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TheBaron

Gold Member
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TheBaron last won the day on December 17 2019

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About TheBaron

  • Rank
    Completely Obsessed Member
  • Birthday 03/29/1965

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  • Gender
    Male
  • Location
    West of the Meridian
  • Interests
    Oddity, perversity, disparity.

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  1. You're hip to it Daddio. Originally posted a drawing that would make it more complicated than your elegant solution so withdrew the evidence m'lud... Same for me Bill. Although I have sticks of the low-low temp 70 degree stuff they do, my goto stuff on even small parts is usually: https://eileensemporium.com/index.php?option=com_hikashop&ctrl=product&task=show&cid=953&name=solder-wire-145-deg-pack-5m&Itemid=189&category_pathway=1124 (Just noticed the message on their homepage that no EU orders for now due to Brexit. I should have stocked up...)
  2. Sorry to hear of the low-mojo Mr.P but relishing your output. Can be a hard time of the year mentally in Northern latitudes regarding light levels and weather so hope you're doing ok.
  3. A level of audacious awesomeness has emerged in your work of late Ced - three weeks tops and you'll be fixing the car yourself. - as the result of being kicked by customers....
  4. Ta me old Shockworker of the Brum Kolkhoz. It's a handy old technique innit? Crisp: there's a number of free online video converters such as: https://en.savefrom.net/8/ and https://www.savethevideo.com/ - that will let you paste the url of a particular Ytube video in to their page in order to download it as an mp4 or similar to play with. They change from time-to-time in usefulness (as Ytube alter their coding to keep them out presumably) and one or two will try to sell you software with popups. but it's pretty common sense. Certainly better than paying the tax-cheating-data-abusers who own said portal for the privilege of downloading others work for non-commercial use. Once downloaded, if you don't have an NLE like FinalCut or Premiere on your system, use something like iMovie on the Mac or any free video editor on PC that will let you export single frames. For the panoramas themselves, the more images you use, the more pristine the results. I don't know if that free Photoshop clone GIMP has an equivalent to the 'Photomerge' function if you don't have the former, but there's a number of free panorama stitching programs out there. Just be sure to use one that lets you deal with geometric distortion. Need a good lawyer guv?
  5. Looks like I'm going to have to send somebody some more tea....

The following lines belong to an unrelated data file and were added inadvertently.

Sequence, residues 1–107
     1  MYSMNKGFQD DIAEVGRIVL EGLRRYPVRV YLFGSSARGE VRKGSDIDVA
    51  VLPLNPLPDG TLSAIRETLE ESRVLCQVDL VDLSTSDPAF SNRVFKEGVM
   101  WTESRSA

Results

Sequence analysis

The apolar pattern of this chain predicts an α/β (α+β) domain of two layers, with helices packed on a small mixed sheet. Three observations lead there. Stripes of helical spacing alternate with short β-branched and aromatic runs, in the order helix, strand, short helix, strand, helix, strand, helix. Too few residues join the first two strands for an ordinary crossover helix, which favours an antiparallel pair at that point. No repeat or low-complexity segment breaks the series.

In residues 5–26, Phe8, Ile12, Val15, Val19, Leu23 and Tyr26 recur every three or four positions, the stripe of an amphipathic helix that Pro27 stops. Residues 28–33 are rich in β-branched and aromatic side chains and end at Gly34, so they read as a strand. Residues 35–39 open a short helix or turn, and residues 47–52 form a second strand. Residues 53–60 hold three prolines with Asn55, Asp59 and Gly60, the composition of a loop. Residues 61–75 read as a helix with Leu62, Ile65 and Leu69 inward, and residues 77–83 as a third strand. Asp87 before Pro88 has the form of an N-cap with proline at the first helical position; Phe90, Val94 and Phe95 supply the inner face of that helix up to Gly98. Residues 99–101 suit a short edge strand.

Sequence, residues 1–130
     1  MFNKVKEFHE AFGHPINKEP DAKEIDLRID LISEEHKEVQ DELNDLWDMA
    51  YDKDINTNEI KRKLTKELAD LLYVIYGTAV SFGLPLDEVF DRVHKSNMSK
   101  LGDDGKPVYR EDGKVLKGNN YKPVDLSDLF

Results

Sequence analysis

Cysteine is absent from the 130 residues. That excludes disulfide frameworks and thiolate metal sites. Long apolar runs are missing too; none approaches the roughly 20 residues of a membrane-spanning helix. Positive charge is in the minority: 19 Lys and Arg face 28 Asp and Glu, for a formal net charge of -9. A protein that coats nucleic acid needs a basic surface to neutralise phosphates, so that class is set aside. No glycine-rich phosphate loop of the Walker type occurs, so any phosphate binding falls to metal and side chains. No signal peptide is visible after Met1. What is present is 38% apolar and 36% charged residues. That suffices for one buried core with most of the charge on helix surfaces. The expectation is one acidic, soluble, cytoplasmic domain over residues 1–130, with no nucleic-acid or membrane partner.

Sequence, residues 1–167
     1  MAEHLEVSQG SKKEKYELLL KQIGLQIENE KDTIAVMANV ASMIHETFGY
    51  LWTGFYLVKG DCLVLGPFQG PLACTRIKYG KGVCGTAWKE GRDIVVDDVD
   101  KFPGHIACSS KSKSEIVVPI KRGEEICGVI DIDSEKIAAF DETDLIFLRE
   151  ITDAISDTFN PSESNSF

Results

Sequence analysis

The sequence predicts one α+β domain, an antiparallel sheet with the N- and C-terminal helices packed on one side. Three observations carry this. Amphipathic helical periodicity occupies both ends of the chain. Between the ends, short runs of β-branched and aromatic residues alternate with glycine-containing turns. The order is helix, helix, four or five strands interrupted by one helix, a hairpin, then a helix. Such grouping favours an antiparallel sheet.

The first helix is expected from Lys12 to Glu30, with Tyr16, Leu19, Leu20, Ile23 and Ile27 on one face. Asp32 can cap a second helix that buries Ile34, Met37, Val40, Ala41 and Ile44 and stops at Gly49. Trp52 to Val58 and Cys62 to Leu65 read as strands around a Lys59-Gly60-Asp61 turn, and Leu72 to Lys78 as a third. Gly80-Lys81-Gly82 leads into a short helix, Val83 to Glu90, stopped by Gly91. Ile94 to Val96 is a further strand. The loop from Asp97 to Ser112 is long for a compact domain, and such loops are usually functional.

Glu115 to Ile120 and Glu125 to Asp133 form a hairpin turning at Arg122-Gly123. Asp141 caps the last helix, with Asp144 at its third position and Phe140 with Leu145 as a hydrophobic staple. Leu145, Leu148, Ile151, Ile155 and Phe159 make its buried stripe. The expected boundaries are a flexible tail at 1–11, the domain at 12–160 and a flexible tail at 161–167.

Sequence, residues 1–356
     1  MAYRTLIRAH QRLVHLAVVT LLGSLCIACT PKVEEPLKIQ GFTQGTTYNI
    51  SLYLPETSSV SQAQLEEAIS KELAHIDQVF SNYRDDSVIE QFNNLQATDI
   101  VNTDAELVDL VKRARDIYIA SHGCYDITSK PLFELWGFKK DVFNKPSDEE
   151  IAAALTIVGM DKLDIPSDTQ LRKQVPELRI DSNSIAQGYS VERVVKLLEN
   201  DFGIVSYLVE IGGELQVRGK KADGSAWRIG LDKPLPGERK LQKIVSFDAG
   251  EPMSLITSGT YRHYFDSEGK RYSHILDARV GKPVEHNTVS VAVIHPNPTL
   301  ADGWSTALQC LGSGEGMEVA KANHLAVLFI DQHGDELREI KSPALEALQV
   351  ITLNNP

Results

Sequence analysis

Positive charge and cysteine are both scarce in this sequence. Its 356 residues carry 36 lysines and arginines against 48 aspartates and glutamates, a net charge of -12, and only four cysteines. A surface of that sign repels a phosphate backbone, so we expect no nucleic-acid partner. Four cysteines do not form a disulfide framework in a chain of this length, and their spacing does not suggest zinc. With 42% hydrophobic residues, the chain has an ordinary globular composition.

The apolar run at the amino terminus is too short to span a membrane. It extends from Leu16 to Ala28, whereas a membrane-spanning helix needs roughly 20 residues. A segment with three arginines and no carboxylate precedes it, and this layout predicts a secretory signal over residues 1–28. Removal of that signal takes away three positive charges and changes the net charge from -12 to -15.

6. Sorry Serge but on the British side there was art critic Brian Sewell - a man who could kill at 50yds just by pronunciation of vowels. https://www.youtube.com/watch?v=IF7fJf3xH1A Love that animation - give me Russian and E. European stuff over Disney () anyday.* Been writing reports for the pass three weeks solid on top of usual work so finished off a load of first drafts earlier and decided that I'd earned an afternoon off ('Because you.re worth it / Maybe it's Maybelline' @etc.). Still some work to do in the studio such as backing this laptop up to an external drive so won't get into Fusion until later, however, before doing so just wanted to bang up some of the image-processing I'd gotten done before bed last evening whilst on a roll. Video into panoramas: Original mage source: Navy Wings The original video was somewhat jerky/blurry in places so I did my best to suppress any 'softer' areas with unsharp masking. Bottom two panoramas composed from 7-8 frames. Be aware that in the middle panorama, if you look closely at the uprights running along rib 0 there is an odd apex thing happening halfway along; this is due to way that the footage was shot by someone looking around whilst walking along the length of the bay with the camera not in a fixed orientation: the software obviously had a conniption fit chewing on the geometry in this section, hence the false 'pyramid'. Ideally the camera would have been held at a fixed angle pointing downwards for the whole length of the tracking shot to avoid this, so always be careful of such potentially-erroneous artefacts if using secondhand footage that you haven't shot yourself. Simple procedure to make these though: Select representative frames from section of video, making sure there's a minimum of 30% overlap at edge. Using any reliable panorama stitching program - or even the 'Phototmerge' function in Photoshop - turn into panorama. (You'll need to incorporate geometric (un)distortion as part of this - 'Photomerge' has a function to do this automatically) Unsharp mask results (gently!) and do any final colour correction. With smartphone footage (as I assume the material above was shot on) you're going to have issues with autofocus and the kind of frame distortion caused by wide-angle lenses, but nothing that isn't manageable for modelling references. What I like about this is that whereas walkaround stills - by the nature of lenses - have to focus upon selected smaller areas of the aircraft if you're to view detail at such proximity, this process gives an excellent synoptic view of wider areas so that you can see the overall relationship between such details, such as in the engine bay above where you can follow the continuity of features all the way from intake to exhaust tunnel. Cognitively-speaking, whereas the original footage of the top two panoramas was shot by somebody standing on the aircraft looking down, the final result of this image is to produce a kind of drone's-eye view equivalent to being about 3 times higher up than this, yet one which preserves all of the original detail in the individual frames. No way a single image can produce that at the original height without mega-levels of fish-eye distortion. There is of course some residual distortion in these so not to be relied upon in orthographic terms, but a useful additional method of drawing additional value from video references for modelling purposes. (I've cut the panoramas posted here down to a fifth of their actual size as the original images they draw upon aren't mine to disseminate as my own work.) Right. System down for a few hours for backup. Tony *that's not a coded message for 'I'm a sleeper agent' btw Serge....